New Jersey spent millions of dollars to provide unemployment benefits, Medicaid coverage and food assistance to people who didn’t qualify for that government help because they were in prison at the time. That’s the key finding in a blistering new audit released this morning by the Office of the State Comptroller (OSC).

According to the report, some state agencies administering a series of public assistance programs failed to review county inmate data, and in some cases state prison data, before awarding government help.

One agency admits it relied on a review of New Jersey newspapers to determine if any of its thousands of program participants had been arrested or convicted of a crime.

“These are vitally important social programs,” says State Comptroller Matthew Boxer. “Our audit identifies simple but critical steps that will help ensure that tax dollars spent on these programs are reserved for those who actually qualify for benefits.”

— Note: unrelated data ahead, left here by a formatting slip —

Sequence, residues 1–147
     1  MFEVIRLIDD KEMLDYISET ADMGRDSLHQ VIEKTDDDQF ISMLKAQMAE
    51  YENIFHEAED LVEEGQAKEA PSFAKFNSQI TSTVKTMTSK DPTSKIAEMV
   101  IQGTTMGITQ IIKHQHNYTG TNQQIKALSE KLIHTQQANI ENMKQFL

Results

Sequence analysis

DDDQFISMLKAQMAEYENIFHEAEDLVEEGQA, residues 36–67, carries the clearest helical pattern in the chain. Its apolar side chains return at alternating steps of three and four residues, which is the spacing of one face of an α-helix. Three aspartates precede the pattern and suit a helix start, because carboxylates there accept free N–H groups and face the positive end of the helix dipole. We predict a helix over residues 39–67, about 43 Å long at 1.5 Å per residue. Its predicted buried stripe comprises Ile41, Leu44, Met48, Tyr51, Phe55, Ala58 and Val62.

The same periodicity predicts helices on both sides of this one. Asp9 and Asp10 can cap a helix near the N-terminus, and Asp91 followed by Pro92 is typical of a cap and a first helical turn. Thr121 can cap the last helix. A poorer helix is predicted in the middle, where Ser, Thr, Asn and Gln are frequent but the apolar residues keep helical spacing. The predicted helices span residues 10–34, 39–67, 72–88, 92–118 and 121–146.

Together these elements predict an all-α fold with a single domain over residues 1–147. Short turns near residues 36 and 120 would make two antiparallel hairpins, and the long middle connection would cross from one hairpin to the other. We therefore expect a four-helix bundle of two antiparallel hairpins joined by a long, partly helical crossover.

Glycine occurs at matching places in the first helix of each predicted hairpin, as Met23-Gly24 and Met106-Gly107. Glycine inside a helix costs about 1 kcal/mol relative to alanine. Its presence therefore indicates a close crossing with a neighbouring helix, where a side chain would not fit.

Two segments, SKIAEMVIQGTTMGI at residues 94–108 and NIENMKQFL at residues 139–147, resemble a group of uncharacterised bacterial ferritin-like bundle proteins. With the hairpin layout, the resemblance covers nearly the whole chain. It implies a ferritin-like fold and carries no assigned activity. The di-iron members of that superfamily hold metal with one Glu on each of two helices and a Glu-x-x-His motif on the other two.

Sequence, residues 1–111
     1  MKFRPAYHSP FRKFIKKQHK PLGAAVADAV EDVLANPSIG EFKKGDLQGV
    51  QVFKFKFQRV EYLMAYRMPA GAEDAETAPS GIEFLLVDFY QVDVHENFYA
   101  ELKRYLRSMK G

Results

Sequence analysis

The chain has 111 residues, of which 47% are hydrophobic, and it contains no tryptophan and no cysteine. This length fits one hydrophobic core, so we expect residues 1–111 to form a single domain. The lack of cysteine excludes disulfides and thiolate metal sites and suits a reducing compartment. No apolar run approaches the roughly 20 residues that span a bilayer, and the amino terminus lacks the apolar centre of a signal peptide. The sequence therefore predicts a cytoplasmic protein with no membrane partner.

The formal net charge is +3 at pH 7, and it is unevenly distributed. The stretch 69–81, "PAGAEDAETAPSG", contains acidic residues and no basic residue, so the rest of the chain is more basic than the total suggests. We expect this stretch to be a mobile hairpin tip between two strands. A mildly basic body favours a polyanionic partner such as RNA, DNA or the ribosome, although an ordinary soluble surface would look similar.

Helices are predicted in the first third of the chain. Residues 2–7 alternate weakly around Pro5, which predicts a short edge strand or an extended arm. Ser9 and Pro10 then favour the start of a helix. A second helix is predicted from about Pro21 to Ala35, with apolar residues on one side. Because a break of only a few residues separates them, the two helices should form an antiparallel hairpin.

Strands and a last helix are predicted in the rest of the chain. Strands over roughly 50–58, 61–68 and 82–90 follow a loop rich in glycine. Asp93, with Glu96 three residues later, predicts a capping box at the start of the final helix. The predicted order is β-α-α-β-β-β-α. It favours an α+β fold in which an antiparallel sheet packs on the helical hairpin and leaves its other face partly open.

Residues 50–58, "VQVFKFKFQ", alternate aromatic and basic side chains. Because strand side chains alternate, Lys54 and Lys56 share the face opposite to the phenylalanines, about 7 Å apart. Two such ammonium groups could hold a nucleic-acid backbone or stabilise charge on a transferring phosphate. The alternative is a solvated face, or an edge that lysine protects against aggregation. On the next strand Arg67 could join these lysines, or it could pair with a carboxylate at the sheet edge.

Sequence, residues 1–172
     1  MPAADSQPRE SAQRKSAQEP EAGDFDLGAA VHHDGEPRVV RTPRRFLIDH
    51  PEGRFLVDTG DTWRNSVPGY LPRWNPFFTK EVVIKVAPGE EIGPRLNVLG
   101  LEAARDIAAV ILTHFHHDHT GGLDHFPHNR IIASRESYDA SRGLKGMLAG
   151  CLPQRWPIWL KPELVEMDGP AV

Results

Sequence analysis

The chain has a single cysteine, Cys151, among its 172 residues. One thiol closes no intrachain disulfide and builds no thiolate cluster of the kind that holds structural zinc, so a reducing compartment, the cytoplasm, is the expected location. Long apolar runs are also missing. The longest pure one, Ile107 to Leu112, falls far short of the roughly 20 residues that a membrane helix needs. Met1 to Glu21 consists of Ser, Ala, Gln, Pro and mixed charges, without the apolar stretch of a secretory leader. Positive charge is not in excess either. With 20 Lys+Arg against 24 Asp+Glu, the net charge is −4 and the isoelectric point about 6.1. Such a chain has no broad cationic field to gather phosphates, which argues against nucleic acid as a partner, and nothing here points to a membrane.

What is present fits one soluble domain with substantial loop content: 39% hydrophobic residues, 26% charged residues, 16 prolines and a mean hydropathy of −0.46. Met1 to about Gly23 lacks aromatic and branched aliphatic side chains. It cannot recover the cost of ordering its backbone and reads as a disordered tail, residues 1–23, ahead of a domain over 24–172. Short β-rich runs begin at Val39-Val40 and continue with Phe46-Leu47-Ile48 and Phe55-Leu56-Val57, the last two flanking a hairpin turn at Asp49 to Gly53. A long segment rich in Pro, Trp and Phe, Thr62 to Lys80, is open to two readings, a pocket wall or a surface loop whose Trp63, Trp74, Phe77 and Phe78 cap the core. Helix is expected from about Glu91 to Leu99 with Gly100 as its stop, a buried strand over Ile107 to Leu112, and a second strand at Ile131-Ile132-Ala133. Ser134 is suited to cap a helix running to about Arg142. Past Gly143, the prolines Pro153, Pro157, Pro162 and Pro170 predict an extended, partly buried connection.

The audit covered a 22-month period from July 2009 to April 2011. It identifies more than $23 million in benefit payments made to or on behalf of incarcerated individuals who did not appear to be entitled to such payments.

$10M in Unemployment Benefits for Prisoners

More than $10 million of the benefit payments identified by the audit derived from unemployment insurance benefits paid out to more than 7,600 prison inmates. State law says only people who are “able to work” and “available for work” are eligible for those benefits.

The state departments responsible for administering each of these programs have committed to recovering misspent funds and improving oversight measures so that going forward all inmate data is cross-checked to verify participant eligibility.